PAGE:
Age of Refinement in Steel Shot


Kent Fasteel 2.0 performed well in fall and summer testing, as verified by our own Senior Shooting Writer, L.P. Brezny.

This past fall, Kent set out to show its newest load developments in terms of Fasteel and Bismuth shot loads to waterfowl writers. The selected location was central Canada, and the areas selected to hunt were target-rich, to say the least. While Kent had put a whole lot of development into Matrix loads in the past, the new direction as applied to load introduction was headed toward Bismuth and a product label that carried the shot type’s name. The shot was new, the loads hit hard, and by example we took Canada geese at 40 yards with #4 shot upon occasion during that hunt.

Steel development

Also during the past year, Kent has been upgrading Fasteel. This means making use of some new powders and jewel-like polished steel shot. Fasteel by Kent has always been running in the ballpark of 1500 f.p.s. downrange, but with even better shot, cleaner powders and touched-up wads, the new Fasteel 2.0 loads are at the top of their game in the field. For a test of these loads beyond the Canada experience, I hauled some of the early reference ammunition into Minnesota on our annual down and dirty pigeon and related bird hunt with Black Bird LLC, the commercial outfit that ran an animal control business as headed up by ‘Bird Man’ Todd Gifford, out of Hastings, Minnesota. Gifford had warm targets nailed down in terms of shooting at a commercial dairy farm that supplied milk to the southern Minneapolis-Saint Paul metro area. This was not my first rodeo in terms of gunning farms with Bird Man, as he and I go back about 30 years in the test and evaluation business, with me drumming up the industry work and Todd dialing in on the test targets.

Test guns

Gun selection was flexible in that we were shooting Stoeger 3500s, and Browning Maxus waterfowl guns. Choke selection ranged from modified to improved cylinder for the work from blinds over bait and decoys. The Browning retained the new continuous tapered bore that delivered outstanding patterns, while the Stoeger made use of a more standard bore that also performed quite well. Shooting the Kent Fasteel 2.0 Cartridge 12-gauge, 3-inch, 1 1/4-ounce #3s, was a hard punch against the soft targets, but rest assured that I had seen loads in the past return some not-so-great performances even on a 1-pound pigeon, or common crow.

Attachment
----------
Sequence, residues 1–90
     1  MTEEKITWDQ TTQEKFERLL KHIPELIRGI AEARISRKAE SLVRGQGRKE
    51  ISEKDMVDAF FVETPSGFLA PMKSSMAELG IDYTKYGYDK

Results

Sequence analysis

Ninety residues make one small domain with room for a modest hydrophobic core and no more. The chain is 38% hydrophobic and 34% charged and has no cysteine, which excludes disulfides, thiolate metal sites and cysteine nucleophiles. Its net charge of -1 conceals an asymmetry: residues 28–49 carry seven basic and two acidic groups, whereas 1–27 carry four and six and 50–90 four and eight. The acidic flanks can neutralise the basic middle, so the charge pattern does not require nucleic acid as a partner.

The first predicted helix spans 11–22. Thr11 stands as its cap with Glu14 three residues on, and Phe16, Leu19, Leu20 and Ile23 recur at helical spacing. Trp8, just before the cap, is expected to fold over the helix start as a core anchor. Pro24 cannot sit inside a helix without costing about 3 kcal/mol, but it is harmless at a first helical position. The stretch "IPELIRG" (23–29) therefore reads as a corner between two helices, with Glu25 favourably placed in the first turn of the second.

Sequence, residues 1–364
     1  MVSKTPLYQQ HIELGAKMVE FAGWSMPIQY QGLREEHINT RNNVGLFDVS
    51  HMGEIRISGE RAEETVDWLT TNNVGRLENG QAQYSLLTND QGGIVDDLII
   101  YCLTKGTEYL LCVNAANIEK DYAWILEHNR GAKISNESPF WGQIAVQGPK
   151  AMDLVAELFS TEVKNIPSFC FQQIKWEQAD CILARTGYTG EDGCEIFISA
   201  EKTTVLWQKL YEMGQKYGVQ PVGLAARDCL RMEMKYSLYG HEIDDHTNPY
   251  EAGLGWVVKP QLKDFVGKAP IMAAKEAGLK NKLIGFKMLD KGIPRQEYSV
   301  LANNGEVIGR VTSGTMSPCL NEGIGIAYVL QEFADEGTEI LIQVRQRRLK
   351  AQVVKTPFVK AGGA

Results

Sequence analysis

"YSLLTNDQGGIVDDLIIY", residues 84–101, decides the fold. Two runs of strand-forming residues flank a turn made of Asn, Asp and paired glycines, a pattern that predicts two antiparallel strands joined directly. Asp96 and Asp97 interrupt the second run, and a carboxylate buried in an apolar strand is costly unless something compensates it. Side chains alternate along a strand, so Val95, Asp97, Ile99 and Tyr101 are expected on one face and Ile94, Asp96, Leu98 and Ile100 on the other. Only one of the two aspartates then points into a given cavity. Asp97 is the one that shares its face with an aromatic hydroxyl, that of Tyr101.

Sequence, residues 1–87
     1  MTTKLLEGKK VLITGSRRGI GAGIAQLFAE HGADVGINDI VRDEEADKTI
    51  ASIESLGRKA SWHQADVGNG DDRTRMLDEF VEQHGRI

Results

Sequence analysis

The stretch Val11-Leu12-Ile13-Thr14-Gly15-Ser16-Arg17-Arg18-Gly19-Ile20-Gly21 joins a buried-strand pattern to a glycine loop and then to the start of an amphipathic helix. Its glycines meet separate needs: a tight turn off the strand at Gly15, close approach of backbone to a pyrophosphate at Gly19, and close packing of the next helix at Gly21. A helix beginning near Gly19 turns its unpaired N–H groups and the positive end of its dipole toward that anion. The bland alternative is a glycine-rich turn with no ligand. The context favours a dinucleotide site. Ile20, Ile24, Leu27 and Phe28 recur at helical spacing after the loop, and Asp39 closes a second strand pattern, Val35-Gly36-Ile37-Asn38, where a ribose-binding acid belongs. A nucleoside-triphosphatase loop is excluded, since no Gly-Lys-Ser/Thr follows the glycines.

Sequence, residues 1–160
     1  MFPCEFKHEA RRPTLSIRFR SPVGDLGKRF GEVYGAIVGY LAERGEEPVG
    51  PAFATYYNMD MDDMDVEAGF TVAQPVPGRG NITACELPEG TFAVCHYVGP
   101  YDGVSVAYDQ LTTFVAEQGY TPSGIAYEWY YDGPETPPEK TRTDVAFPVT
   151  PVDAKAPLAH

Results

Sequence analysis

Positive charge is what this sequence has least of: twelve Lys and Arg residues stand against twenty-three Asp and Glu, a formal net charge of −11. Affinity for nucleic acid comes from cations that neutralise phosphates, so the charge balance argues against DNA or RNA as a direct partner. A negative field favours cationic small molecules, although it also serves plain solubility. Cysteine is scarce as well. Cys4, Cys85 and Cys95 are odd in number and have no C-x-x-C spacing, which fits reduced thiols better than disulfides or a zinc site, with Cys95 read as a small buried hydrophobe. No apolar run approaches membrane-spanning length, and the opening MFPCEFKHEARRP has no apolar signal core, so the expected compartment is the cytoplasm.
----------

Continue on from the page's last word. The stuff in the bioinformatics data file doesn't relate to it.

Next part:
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Gifford had obtained a special unit crow predation permit as a part of the shoot, aimed at helping to trim a specific flock of birds that was causing problems in the area. With my basic pattern work shooting the Kent #3 Fasteel 2.0, returning full choke averages centering around 83 to 90 percent, and modified chokes returning a solid 70 percent performance level, I had no doubt that if we did our job over the gun barrel, the loads would fill in all the blanks in terms of returning positive performance standards. What I was looking for was mechanical reliability, as applied to loading and ejecting test guns and the lack of squib, or soft loads being fired in the mix. In this area, I found no issues whatsoever, and up to four shooters were keeping these guns very busy over the course of the controlled commercial shoot.

Ejection was crisp and clean, and both the Stoeger recoil inertia-driven system, and the Browning gas system, performed without a single ‘stove pipe,’ aka jammed action. In terms of rounds fired, just about a full case was sent aloft during the test.

While we may well be at the end of an era regarding load development, rest assured that companies like Kent are always rethinking their loads in order to supply the best to the guys and gals that go afield in search of game birds each fall. As a lifelong bird hunter with 60 years in the field, I can tell you that the ammunition performance on your own hunts are very dependent on what you buy ahead of the hunt. For steel loads, the Kent Fasteel 2.0 is a truly solid choice.


For more information on the lastest advancements in fall hunting gear, read the fall issues of MidWest Outdoors, available the first full week of each month at the newsstand or by subscribing on our website.